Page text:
One tactic is the false claim that anyone can become gifted if motivated enough and offered the right opportunities. This fallacy clouds the truth about giftedness and results in disappointment for many hard-working high-achievers. Gifted children's abilities are innate. Of course, exactly how these abilities are expressed depends upon and can be modified by environmental influences. A childhood filled with encouragement and creativity will enhance learning more than one plagued by poverty and neglect. But while sound nutrition, a safe and loving home, verbal stimulation, and learning opportunities give every child an edge, you cannot instill giftedness through hot-housing, flash-cards or prep classes. Gifted children's brains work differently, as shown here and here and here. Researcher Marcus Munafo points out how genetic denialism dismisses the influence of genes, despite evidence to the contrary, and reminds us that:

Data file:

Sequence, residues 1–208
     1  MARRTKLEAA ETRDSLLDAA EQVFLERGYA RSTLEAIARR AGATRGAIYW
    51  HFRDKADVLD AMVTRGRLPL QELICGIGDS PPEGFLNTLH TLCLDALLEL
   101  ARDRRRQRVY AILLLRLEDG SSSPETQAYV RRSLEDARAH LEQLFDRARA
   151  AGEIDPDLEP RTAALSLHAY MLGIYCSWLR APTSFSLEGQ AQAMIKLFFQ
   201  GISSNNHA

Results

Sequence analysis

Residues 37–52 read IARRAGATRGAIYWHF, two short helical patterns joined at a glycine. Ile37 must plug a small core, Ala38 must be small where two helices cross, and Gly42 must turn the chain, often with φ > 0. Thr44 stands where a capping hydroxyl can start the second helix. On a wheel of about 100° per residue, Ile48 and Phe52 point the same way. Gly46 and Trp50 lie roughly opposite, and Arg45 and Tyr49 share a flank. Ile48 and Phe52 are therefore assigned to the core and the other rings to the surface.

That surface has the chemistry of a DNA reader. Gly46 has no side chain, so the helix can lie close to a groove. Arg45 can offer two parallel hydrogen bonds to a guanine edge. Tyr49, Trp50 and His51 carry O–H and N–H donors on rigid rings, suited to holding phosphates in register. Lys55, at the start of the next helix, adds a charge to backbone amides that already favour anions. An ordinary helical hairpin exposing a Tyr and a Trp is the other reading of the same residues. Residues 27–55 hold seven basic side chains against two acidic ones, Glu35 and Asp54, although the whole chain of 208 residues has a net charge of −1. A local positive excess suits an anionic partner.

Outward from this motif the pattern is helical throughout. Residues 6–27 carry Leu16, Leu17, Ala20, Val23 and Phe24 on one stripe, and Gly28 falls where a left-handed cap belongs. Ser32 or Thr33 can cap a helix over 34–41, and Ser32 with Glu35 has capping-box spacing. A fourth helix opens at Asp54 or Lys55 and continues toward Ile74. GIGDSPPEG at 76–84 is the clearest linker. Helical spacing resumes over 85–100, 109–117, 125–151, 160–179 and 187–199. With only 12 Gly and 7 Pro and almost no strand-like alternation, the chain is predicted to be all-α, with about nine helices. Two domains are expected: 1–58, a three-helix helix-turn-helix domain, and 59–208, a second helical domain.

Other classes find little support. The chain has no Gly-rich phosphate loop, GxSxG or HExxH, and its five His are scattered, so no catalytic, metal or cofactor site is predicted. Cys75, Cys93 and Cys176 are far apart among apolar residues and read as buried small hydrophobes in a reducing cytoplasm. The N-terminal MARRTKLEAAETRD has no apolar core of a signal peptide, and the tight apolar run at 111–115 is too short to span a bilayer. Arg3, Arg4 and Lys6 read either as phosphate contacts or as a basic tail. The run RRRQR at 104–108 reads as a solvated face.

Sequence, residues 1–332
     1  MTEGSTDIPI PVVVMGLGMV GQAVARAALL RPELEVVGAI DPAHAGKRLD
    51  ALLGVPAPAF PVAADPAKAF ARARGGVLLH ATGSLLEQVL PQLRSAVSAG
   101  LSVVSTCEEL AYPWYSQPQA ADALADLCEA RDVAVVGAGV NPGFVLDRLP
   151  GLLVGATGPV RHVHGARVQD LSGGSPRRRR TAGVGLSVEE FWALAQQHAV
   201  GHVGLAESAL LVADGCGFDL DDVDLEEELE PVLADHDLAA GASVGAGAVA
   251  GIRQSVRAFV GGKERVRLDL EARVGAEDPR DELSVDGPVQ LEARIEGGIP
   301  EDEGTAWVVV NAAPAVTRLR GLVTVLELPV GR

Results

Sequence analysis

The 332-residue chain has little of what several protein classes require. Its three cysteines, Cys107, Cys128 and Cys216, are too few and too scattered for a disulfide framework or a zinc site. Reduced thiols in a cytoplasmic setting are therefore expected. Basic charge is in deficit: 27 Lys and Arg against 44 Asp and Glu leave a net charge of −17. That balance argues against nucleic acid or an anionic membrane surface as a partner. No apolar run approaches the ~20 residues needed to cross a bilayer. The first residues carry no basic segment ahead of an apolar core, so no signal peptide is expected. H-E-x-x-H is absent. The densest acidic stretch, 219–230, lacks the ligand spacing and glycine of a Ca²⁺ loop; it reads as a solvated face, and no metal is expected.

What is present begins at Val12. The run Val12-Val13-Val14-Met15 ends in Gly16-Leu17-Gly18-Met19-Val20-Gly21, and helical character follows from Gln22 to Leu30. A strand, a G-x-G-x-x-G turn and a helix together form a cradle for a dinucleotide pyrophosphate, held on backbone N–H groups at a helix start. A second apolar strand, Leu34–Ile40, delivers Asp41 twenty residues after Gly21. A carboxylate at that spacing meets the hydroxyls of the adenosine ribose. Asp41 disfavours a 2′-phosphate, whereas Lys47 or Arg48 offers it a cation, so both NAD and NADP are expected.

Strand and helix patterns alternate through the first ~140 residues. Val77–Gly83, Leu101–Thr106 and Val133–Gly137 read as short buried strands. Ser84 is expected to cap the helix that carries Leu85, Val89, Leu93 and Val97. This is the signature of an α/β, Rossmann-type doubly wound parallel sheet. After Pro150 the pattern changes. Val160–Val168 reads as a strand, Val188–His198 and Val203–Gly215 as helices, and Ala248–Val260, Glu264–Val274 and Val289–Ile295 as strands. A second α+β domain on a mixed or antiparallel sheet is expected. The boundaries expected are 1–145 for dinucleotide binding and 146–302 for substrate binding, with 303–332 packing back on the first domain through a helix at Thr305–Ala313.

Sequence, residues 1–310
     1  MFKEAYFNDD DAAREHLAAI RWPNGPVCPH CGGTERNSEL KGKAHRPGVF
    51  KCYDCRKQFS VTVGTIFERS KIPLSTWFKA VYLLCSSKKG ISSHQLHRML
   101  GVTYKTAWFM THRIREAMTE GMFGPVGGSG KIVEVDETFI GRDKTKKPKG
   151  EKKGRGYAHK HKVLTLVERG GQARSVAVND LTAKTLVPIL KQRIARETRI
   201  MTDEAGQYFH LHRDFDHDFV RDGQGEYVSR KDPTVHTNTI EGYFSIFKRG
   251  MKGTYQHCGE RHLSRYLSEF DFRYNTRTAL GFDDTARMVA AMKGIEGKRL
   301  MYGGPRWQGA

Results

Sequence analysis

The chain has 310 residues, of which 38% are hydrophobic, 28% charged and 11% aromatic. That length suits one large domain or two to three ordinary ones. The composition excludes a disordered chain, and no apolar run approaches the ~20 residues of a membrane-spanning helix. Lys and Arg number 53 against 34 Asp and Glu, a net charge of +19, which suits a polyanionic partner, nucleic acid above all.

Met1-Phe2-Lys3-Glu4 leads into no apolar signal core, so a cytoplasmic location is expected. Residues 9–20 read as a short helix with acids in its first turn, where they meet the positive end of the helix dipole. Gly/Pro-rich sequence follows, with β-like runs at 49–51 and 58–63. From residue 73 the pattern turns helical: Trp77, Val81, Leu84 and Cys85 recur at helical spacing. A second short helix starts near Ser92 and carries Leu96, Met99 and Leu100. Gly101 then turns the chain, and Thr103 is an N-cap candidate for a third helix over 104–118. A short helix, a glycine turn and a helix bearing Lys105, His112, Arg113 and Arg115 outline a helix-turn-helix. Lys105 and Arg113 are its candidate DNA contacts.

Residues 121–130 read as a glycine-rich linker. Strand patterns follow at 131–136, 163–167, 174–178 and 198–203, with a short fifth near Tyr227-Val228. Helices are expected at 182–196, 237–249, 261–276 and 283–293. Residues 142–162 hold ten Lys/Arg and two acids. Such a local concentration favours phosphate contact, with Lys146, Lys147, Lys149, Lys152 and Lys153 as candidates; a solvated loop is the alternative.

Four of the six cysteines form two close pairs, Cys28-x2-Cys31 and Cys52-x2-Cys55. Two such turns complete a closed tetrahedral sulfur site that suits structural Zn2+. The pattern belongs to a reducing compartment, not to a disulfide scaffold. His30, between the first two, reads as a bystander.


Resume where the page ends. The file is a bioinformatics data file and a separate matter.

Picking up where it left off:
"We are born equal, but we are also born different - we should embrace that diversity and use it to understand ourselves."
A second assumption is that we can somehow "normalize" the gifted child by ignoring giftedness altogether. Yet, pretending giftedness does not exist will not tame the child's burning creative drive and intellectual curiosity, nor will it quell the often co-existing social and emotional complexities or asynchrony. It is time to stop debating whether we have a "choice" in the matter. We can choose to work with what we have - and encourage our children to utilize and improve upon their innate strengths and weaknesses. As I wrote in a previous blog post about choice:
"You don't get a choice. You don't get to decide whether your child is gifted any more than you can choose eye color or athletic ability. Giftedness is a mixed bag of strengths, multipotentialities, and social/emotional challenges that are far from easy. You might decide not to "label" your child as gifted: however, your child's academic and emotional needs will not magically disappear."
2. Gifted children have very real emotional needs